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Neuroimage. 2011 Jan 15;54(2):787-93. doi: 10.1016/j.neuroimage.2010.09.065. Epub 2010 Oct 1.

Cognitive profile and brain morphological changes in obstructive sleep apnea.

Author information

1
Center for Neurological Imaging, Brigham & Women's Hospital, Harvard Medical School, Boston, MA 02115, USA. ftorelli@bwh.harvard.edu

Abstract

Obstructive sleep apnea (OSA) is accompanied by neurocognitive impairment, likely mediated by injury to various brain regions. We evaluated brain morphological changes in patients with OSA and their relationship to neuropsychological and oximetric data. Sixteen patients affected by moderate-severe OSA (age: 55.8±6.7 years, 13 males) and fourteen control subjects (age: 57.6±5.1 years, 9 males) underwent 3.0 Tesla brain magnetic resonance imaging (MRI) and neuropsychological testing evaluating short- and long-term memory, executive functions, language, attention, praxia and non-verbal learning. Volumetric segmentation of cortical and subcortical structures and voxel-based morphometry (VBM) were performed. Patients and controls differed significantly in Rey Auditory-Verbal Learning test (immediate and delayed recall), Stroop test and Digit span backward scores. Volumes of cortical gray matter (GM), right hippocampus, right and left caudate were smaller in patients compared to controls, with also brain parenchymal fraction (a normalized measure of cerebral atrophy) approaching statistical significance. Differences remained significant after controlling for comorbidities (hypertension, diabetes, smoking, hypercholesterolemia). VBM analysis showed regions of decreased GM volume in right and left hippocampus and within more lateral temporal areas in patients with OSA. Our findings indicate that the significant cognitive impairment seen in patients with moderate-severe OSA is associated with brain tissue damage in regions involved in several cognitive tasks. We conclude that OSA can increase brain susceptibility to the effects of aging and other clinical and pathological occurrences.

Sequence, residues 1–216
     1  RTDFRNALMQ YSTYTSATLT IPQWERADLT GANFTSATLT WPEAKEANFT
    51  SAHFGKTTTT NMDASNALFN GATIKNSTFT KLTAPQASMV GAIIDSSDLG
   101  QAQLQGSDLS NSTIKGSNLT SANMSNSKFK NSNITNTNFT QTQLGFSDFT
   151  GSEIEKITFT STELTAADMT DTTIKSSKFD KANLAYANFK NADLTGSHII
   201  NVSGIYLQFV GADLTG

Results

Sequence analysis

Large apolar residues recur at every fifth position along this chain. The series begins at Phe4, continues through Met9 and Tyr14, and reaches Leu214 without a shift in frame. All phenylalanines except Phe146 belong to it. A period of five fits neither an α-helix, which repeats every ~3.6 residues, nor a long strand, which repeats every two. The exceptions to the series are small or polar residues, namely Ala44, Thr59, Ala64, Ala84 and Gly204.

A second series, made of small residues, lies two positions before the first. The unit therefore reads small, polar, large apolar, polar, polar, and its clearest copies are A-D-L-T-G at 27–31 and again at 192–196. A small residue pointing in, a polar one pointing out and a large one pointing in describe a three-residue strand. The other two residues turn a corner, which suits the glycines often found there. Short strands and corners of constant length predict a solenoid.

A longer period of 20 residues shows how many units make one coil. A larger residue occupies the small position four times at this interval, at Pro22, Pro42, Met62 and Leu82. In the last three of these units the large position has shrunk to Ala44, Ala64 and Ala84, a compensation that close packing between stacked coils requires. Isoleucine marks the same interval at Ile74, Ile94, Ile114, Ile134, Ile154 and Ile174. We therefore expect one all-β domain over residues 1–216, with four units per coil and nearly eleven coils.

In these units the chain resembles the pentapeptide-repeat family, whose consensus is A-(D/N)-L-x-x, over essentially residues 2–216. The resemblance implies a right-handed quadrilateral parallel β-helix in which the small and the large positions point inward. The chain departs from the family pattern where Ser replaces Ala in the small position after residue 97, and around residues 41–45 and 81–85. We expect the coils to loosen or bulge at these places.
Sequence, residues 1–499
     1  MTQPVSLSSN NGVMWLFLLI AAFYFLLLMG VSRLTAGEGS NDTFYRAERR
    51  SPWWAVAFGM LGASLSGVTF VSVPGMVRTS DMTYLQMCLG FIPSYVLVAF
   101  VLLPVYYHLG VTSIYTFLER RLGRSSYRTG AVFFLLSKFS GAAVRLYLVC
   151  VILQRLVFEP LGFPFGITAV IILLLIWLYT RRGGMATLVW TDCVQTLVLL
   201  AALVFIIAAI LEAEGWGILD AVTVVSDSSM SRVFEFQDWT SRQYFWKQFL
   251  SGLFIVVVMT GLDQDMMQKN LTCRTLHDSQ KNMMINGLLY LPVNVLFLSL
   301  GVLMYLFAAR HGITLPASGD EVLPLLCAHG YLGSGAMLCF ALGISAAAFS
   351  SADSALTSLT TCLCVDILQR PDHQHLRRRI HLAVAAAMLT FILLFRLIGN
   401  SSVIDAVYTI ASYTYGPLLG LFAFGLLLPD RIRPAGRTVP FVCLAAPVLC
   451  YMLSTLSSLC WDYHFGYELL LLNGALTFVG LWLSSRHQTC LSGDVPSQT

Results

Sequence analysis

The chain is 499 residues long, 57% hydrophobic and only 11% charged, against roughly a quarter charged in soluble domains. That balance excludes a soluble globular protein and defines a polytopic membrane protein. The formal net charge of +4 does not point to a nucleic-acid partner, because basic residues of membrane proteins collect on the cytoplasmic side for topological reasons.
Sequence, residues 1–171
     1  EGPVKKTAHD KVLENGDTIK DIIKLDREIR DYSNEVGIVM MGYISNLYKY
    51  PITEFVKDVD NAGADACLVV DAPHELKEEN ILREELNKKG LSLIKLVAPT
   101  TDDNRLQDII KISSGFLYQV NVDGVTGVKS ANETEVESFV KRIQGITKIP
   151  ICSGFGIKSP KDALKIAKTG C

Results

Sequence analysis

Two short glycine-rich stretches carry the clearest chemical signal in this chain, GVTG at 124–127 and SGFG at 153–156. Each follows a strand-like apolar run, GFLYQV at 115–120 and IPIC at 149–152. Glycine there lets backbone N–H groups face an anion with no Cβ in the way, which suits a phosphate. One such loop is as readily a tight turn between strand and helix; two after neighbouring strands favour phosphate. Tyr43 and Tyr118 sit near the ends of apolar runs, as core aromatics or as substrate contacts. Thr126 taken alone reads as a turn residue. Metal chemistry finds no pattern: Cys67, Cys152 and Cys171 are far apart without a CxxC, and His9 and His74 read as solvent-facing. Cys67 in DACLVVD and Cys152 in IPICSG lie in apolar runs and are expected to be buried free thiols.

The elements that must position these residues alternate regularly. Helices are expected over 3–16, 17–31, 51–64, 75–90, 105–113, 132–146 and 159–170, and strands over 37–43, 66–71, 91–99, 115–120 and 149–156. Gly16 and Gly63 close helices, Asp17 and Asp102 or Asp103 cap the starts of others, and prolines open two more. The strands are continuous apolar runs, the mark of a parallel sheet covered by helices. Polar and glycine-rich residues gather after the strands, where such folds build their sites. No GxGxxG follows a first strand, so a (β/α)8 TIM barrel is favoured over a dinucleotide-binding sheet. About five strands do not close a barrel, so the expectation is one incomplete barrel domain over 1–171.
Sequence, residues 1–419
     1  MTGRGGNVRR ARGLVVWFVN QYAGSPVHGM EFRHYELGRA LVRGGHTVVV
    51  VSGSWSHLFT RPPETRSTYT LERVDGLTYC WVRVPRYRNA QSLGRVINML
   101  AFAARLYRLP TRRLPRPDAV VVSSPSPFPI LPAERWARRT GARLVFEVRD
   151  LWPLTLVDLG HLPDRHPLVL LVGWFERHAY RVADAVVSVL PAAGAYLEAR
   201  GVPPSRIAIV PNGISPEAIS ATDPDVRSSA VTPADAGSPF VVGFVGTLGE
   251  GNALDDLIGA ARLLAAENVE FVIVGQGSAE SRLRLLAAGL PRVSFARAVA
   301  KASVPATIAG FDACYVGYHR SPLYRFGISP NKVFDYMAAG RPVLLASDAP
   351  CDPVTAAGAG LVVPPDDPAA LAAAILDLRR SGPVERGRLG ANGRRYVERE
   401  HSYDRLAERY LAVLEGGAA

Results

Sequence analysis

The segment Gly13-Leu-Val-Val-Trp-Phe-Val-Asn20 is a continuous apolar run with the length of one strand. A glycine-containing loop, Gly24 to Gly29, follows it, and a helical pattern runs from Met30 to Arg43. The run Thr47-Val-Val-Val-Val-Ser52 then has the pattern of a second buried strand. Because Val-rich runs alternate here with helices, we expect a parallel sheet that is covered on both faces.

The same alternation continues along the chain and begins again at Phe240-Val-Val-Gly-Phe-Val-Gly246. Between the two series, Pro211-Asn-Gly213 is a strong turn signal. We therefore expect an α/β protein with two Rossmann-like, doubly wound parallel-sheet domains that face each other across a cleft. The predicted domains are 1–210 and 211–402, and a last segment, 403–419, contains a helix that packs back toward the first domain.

PMID:
20888921
PMCID:
PMC4169712
DOI:
10.1016/j.neuroimage.2010.09.065
[Indexed for MEDLINE]
Free PMC Article
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